The latest turn of the wheel in the saga over where Jenson Button and Kimi Raikkonen will race next year is that Button and his manager, Richard Goddard visited McLaren’s Woking HQ yesterday.
In itself that is no great surprise, it sends out a message to Brawn that Button has options and McLaren are known to be good payers. For McLaren it sends out a signal to Raikkonen, whose manager also toured McLaren this week, to act now if he wants to stay in F1 in a competitive car and to be more realistic about his salary demands.
But what makes this far more interesting is that both McLaren and Button have decided to go the extra mile and make a media event out of it. Indeed one could almost say that they are rubbing Brawn’s and Raikkonen’s respective noses in it.
The Guardian’s Alan Henry, who is very close to McLaren boss Martin Whitmarsh, has written a piece where McLaren are happily admitting that Button made the visit, “To say hello”, according to a team spokesman. The flippancy of this comment says it all about what is going on here.
Meanwhile Goddard has a much more focussed message to send to Brawn; that all this stonewalling over salary rises means Jenson does not feel “valued”. You can feel his pain, but this is an unsentimental business. Ross Brawn went on the radio this week to say that he couldn’t pay Button any more money, but that he was free to sign up some personal sponsors to make up the shortfall.
But Goddard seemed to be offering Brawn a last chance to change his mind, as his driver toured McLaren and tried to imagine himself wearing silver,
“I think it’s important that Jenson wants to feel valued in whatever situation he finds himself next season,” Goddard said. “He needs to explore all the feasible options. We’ve been talking about possible terms for 2010 with Brawn for months and we’re not being difficult or unreasonably expensive in our demands for Jenson. In fact we’ve given up quite a lot of negotiating ground in our discussions with them.”
According to the Guardian, Button is looking for a rise on the £4m deal he has on the table, which was based on the cut-price deal he accepted from Brawn this year. Brawn clearly doesn’t feel he’s worth it and that makes Button not feel “valued”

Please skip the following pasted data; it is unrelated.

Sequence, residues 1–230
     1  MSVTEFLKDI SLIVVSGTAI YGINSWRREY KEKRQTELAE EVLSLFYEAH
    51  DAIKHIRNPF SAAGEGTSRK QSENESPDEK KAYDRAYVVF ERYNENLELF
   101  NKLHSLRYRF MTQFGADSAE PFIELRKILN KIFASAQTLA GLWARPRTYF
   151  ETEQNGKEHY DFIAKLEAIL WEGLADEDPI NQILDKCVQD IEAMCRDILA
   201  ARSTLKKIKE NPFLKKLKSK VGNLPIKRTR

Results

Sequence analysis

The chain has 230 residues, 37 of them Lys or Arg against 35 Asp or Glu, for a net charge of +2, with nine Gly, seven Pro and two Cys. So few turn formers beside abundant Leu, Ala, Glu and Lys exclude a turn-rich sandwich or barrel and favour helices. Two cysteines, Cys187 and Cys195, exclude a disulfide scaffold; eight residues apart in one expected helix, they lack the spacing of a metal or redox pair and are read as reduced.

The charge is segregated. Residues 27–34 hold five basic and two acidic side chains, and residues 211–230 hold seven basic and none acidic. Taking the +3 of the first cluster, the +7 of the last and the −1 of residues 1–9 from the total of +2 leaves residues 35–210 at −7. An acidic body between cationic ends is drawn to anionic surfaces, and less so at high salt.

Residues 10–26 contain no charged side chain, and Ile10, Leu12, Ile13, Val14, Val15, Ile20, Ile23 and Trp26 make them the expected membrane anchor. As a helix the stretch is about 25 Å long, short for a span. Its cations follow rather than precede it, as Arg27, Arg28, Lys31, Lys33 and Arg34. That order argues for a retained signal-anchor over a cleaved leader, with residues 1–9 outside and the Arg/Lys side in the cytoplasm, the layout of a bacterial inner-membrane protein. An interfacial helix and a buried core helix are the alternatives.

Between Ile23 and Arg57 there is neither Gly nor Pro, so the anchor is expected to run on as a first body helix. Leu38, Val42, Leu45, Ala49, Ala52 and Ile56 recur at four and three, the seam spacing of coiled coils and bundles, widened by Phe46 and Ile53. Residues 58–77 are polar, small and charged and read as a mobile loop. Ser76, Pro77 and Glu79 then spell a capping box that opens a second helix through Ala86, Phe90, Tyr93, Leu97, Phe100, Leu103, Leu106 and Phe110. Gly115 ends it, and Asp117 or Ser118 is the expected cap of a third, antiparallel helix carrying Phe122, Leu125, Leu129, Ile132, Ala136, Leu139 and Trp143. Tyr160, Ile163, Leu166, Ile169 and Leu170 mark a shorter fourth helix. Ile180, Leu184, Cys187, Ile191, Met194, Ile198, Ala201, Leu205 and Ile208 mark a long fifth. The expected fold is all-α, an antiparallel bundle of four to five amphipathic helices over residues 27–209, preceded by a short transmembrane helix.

So how will Brawn react to this? He already has Nico Rosberg signed up for next year, with the full blessing of Mercedes. It would be interesting to know what Rosberg’s retainer is, particularly if it is higher than the sum on offer to Button.
Raikkonen is available, but if Brawn is counting the pennies then Raikkonen is another pay grade altogether. Rubens Barrichello has already moved on to Williams. There are other solid reliable drivers around, like Nick Heidfeld or Timo Glock, but is there another on Button’s level?
A move to McLaren would surely be a mistake for Button, as he would be up against Lewis Hamilton in a team which is not only built around him, but which is in awe of what he achieved this season with a poor car. Hamilton has undoubtedly grown substantially as a driver in 2009 and we will probably see the results of that next year.
Button won the world title this year, but by his own admission he lost it a bit in the second half of the season. Brawn are now making him pay for that fallibility.
So is this just showboating or are Button’s people serious? According to Alan Henry, McLaren has now made Button its prime target and demoted Raikkonen to number two with Heidfeld number three.
This situation is reaching its endgame. Button is threatening to take that cherished number one away from Brawn. There is also a Mercedes dynamic here as they are moving away from McLaren and towards Brawn. They have no say in the driver decisions, even if they have some influence. A little of this could be McLaren looking to give Brawn some pain for the way the Mercedes talks have gone.
Also having two world champions in your team underlines your status. McLaren are very keen at the moment to underline that they and Ferrari are the really big names in F1, they carry the weight. As McLaren steers towards a new future without Mercedes from 2012 onwards, keeping self esteem high and the sponsors happy right now is an important strategy. Button would do a far better job than Heikki Kovalainen, but would following Hamilton home everywhere do much for his career?
It’s up to Ross Brawn to make a revised offer or call Button’s bluff. He will have a pretty good idea from the data of how Button would match up to Hamilton. He is a real pragmatist and will not take any of this personally, even if he might be mildly annoyed by this latest move. He will do whatever suits his long-term objectives for the path down which he is taking his team with Mercedes for the future.